That’s the same question the Pharisees and scribes were asking about Jesus. And that’s why Jesus told this parable, because he challenges us to look at people through new eyes – through God’s eyes. Because when we do that we, as St. Paul says in 2 Cor., “regard no one from a human point of view.” We see people differently when we see them as God sees them – like a father who welcomes his children home and is willing to forgive and be reconciled with them. This is what the story is all about. Perhaps a more fitting title would be the Prodigal Father because of how extravagant he was, and how extravagant God is. It is a story of how much God loves us and is waiting to forgive us with open arms. And being a disciple of Christ means that we are to do the same with each other. St. Paul tells us, “If anyone is in Christ, there is a new creation; everything old has passed away; see everything has become new.” He tells us that “this is from God, who reconciled us to himself through Christ, and has given us the ministry of reconciliation.” What does Paul mean when he says we are to be in Christ? He means we are to be immersed in Christ. Our whole lives are to be centered in Christ. Everything we do, every decision we make, every conversation we have needs to begin in Christ. If we live this way, then life is different. We are then a new creation.
A new creation means that our old selves are gone. Our sins are forgiven and we can begin again. We can envision a new future because the Holy Spirit has awakened our holy imaginations. The Holy Spirit will open our eyes to see possibilities where they never existed before. When we have lost our way, the Spirit will guide us home in Christ. That’s what it means to be in Christ, in means to have our home in Christ. Our home, our joy, our peace is found in Christ.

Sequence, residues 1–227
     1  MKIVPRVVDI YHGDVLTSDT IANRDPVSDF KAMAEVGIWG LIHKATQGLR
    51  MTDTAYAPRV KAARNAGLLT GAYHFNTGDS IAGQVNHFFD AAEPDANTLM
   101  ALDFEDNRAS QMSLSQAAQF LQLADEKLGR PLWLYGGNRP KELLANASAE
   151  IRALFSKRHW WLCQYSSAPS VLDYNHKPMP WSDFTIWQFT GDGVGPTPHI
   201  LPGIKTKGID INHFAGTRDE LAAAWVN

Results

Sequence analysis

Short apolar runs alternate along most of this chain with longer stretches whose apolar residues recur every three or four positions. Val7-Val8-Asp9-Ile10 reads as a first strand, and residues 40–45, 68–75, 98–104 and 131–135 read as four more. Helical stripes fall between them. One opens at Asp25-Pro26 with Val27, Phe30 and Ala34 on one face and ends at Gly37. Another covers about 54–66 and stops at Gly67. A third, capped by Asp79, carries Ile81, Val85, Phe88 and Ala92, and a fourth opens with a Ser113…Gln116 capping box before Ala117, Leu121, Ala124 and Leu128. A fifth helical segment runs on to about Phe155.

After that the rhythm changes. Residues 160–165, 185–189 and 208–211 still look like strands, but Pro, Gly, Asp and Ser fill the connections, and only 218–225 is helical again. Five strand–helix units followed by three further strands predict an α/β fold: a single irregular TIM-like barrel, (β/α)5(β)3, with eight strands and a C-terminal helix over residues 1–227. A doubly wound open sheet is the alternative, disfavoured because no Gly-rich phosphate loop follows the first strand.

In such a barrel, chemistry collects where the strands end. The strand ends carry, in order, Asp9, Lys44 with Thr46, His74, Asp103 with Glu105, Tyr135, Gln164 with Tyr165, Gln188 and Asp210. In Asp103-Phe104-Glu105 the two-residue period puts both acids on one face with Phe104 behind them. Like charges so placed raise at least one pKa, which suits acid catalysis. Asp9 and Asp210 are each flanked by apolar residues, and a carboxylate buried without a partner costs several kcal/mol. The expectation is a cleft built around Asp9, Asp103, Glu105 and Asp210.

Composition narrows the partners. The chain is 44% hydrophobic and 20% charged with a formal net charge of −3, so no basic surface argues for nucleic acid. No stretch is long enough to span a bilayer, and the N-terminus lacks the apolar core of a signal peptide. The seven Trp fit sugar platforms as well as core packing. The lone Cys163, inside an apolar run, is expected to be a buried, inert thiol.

Jesus who is the character of God in the flesh, like the Father, “welcomes sinners and eats with them.” We are all sinners. We are all the prodigal sons and daughters in that we have so often wasted the grace God has bestowed on us. We’ve all gone astray and found ourselves lost, but in Christ God welcomes us home. God is the father in this story who is prodigal or extravagant. God’s love for us is extravagant! God’s forgiveness is extravagant! God’s grace is extravagant! God stops at nothing – even coming down from the glories of heaven and dying on a cross – to bring us back home. In Christ we experience the love of God that is bigger and wider and deeper than anything we can comprehend. None of us deserve all the inheritance that God has for us, yet even when we are far off God comes to us, welcomes us, and lavishes upon us countless grace. What an outrageous thing to do, but what an outrageous, awesome, and prodigal God we have!
As we continue our Lenten journey – our journey to the cross and our journey to Christ – may the Holy Spirit lead us to find our way home. May the Holy Spirit help us to remove any places in our hearts that are filled with anger and resentment and guide us to make peace with one another and reconcile with each other as Christ commands us to do. May we forgive even ourselves, so that we are free to be all God created us to be. And may the Holy Spirit give us eyes to see others with the love of God so that we can be prodigal or extravagant with the love of God. In Christ we are a new creation. In Christ we have a true home and there’s no place like home. Amen.